This is true popularity. Thus interpreted, the word sounds well and recovers its ancient meaning. No need of puffing the poetry of Robert Burns. The land “blithe with plough and harrow”; the broomy or the heathery braes; the holms by the river's side; the forest where the woodman's ringing axe no more disturbs the cushat; the deep dell where all day long sits solitary plaided boy or girl, watching the kine or the sheep; the moorland hut, without any garden; the lowland cottage, whose garden glows a very orchard, even more crimsoned with pear-blossoms, most beautiful to behold; the sylvan homestead, sending its reek aloft over the huge sycamore that blackens on the hillside; the straw-roofed village, gathering with small bright crofts its many white gable-ends round and about the modest manse, and the kirk-spire covered with the pine-tree that shadows its horologe; the small, sweet, slated, rural town, low as Peebles, or high as Selkirk, by the clear flowings of Tweed or Ettrick, rivers whom Maga loves—there, there, and in such sacred scenes resides, and will for ever reside, the immortal genius of Burns ! This is in good truth “the consecration and the poet's dream.” Oh that he, the prevailing poet, could have seen this light breaking in upon the darkness that did too long and too deeply overshadow his living lot! Some glorious glimpses of it his prophetic soul did see: witness The Vision, or that somewhat humbler but yet high strain in which, bethinking him of the undefined aspirations of his boyish genius that had bestirred itself in the dark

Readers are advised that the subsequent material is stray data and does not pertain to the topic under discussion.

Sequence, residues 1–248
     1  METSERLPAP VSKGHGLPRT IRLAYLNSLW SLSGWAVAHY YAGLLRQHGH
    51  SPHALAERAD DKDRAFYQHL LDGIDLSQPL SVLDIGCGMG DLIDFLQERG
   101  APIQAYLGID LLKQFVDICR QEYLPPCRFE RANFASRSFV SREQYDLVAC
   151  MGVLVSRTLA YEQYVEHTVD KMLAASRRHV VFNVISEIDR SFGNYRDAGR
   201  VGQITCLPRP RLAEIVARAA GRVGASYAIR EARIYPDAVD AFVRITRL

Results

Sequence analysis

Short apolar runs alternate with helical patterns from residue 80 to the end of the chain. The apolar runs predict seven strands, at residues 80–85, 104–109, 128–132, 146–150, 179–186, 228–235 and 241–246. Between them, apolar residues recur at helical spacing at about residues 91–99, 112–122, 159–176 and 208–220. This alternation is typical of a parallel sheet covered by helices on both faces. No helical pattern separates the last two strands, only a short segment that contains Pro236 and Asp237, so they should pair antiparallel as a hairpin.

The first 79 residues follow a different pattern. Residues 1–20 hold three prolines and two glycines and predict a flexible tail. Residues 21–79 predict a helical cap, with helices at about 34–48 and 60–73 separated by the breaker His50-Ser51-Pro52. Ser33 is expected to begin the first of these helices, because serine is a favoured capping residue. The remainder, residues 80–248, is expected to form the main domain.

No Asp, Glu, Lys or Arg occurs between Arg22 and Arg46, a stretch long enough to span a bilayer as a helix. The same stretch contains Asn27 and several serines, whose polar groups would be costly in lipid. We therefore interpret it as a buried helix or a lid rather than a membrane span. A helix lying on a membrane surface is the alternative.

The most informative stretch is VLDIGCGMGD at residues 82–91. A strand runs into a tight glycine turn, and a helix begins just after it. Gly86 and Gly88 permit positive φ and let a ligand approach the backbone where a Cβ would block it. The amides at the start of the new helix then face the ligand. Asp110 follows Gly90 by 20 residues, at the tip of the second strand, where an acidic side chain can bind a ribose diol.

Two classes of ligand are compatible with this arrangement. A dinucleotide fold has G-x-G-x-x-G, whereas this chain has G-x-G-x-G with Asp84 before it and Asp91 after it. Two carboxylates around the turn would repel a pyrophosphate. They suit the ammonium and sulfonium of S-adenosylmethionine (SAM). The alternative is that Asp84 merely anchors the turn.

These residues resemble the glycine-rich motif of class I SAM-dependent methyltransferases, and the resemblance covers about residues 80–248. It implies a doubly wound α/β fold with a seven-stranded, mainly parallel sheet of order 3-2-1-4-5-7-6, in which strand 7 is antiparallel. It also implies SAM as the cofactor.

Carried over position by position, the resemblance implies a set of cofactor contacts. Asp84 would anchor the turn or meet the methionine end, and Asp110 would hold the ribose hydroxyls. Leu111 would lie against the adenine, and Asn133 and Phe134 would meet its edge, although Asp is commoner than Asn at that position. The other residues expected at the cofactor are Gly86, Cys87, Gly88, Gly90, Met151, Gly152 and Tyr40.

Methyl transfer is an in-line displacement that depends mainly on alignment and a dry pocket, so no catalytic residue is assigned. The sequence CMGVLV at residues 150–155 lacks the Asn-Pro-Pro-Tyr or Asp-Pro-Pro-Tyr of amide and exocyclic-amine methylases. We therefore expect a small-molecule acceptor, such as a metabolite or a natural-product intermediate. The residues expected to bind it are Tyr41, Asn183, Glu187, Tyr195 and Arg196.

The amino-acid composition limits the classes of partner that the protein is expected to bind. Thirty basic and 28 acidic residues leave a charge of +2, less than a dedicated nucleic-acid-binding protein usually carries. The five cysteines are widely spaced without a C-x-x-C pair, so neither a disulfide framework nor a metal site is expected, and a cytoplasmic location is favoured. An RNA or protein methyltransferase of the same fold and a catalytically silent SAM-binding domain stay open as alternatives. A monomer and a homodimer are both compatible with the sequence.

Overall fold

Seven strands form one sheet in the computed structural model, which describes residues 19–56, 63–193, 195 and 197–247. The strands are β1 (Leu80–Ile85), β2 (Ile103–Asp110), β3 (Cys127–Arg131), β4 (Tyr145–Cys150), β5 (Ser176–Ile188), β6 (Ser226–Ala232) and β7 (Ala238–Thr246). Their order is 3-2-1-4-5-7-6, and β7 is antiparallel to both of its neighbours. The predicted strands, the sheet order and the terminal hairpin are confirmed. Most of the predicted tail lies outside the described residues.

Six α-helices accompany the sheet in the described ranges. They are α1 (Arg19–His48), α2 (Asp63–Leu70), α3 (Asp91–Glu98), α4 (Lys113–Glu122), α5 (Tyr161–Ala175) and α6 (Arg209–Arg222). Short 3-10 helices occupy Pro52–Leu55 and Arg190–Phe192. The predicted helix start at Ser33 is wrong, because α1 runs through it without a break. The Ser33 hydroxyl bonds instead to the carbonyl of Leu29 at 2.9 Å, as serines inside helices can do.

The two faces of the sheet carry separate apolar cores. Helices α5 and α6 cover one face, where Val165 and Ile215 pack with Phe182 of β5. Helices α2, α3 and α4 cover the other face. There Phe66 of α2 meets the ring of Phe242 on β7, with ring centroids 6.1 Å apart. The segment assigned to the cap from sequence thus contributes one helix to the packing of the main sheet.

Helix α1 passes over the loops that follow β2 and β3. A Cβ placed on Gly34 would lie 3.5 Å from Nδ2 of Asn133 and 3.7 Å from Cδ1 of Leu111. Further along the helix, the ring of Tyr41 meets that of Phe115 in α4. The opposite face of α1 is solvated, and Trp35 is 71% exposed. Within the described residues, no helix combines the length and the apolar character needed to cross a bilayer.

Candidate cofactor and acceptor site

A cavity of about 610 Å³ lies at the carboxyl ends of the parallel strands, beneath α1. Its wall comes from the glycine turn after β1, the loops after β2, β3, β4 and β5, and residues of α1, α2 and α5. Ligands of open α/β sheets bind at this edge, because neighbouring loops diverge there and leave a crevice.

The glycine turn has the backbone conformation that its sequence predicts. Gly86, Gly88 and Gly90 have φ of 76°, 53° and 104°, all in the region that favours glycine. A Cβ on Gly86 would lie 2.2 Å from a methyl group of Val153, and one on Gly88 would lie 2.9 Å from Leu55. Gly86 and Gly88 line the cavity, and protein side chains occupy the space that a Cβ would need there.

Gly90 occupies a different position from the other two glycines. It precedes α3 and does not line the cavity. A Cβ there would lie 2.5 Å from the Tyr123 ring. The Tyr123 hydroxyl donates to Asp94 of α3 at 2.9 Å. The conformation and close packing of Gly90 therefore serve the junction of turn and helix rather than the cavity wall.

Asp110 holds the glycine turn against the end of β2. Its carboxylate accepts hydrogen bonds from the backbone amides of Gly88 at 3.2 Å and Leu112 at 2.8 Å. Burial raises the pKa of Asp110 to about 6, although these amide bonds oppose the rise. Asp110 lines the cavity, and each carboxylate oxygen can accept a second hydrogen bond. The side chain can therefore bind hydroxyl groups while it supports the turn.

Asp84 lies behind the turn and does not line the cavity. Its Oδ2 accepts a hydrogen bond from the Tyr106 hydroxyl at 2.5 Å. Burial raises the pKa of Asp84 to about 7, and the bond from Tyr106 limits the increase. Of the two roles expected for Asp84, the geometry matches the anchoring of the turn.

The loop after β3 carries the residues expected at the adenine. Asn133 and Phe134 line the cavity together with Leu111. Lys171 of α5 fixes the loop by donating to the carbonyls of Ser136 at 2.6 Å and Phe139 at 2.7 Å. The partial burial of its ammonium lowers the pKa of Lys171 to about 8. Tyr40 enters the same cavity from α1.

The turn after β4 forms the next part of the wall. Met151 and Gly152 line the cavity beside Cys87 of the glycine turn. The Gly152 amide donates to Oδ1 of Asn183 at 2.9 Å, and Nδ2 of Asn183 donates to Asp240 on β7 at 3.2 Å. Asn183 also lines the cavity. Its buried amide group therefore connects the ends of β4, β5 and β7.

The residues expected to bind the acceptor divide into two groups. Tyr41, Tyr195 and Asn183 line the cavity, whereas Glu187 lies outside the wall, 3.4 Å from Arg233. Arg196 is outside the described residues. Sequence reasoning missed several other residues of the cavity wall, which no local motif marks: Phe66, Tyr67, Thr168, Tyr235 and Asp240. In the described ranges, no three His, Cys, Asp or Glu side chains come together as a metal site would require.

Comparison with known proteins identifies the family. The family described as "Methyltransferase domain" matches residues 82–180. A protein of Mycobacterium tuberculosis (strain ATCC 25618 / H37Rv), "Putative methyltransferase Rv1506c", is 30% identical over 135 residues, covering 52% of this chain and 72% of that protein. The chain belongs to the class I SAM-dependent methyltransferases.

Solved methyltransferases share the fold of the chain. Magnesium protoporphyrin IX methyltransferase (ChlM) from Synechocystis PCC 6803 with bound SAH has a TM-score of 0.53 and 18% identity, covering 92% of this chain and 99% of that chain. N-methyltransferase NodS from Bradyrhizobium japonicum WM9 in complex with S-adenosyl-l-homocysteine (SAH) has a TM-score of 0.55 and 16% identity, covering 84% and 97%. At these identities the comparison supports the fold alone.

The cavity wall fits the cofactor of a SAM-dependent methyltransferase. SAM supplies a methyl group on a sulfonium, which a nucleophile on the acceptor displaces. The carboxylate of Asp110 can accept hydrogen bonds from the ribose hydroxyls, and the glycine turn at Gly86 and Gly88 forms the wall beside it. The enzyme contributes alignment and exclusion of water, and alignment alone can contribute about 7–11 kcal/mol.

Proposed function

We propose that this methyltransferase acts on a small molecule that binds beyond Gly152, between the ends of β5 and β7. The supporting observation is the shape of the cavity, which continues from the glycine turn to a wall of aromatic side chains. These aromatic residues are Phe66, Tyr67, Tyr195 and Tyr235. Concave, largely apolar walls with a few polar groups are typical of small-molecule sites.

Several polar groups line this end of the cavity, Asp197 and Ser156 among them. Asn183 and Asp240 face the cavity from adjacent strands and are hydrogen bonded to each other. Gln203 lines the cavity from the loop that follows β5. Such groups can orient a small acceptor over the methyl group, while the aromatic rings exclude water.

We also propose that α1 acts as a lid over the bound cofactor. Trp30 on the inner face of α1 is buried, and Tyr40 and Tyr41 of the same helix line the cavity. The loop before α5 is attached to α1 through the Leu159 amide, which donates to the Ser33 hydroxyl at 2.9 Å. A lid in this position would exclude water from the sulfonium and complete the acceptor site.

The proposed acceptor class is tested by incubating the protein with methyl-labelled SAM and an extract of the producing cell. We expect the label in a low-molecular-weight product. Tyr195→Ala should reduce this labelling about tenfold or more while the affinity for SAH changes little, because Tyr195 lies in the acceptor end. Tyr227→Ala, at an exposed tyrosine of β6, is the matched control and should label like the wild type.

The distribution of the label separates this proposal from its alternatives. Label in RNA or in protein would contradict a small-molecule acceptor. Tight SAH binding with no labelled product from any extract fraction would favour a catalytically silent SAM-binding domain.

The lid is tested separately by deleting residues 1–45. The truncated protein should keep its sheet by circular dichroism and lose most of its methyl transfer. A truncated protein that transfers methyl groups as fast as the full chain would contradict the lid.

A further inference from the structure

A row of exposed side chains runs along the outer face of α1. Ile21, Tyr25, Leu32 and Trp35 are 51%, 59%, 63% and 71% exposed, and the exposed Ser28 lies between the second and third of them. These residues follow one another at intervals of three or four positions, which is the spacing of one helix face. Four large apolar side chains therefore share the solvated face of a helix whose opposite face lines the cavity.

ness, as if the touch of an angel's hand were to awaken a sleeper in his cell, he said to himself

Even then a wish–I mind its power-
A wish that to my latest hour

Shall strongly heave my breast,
That I, for poor auld Scotland's sake,
Some useful plan or book could make,

Or sing a sang at least! Such hopes were with him in his “bright and shining youth," surrounded as it was with toil and trouble, that could not bend down the brow of Burns from its natural upward inclination to the sky; and such hopes, let us doubt it not, were also with him in his dark and faded prime, when life's lamp burned low indeed, and he was willing at last, early as it was, to shut his eyes on this dearly beloved but sorely distracting world.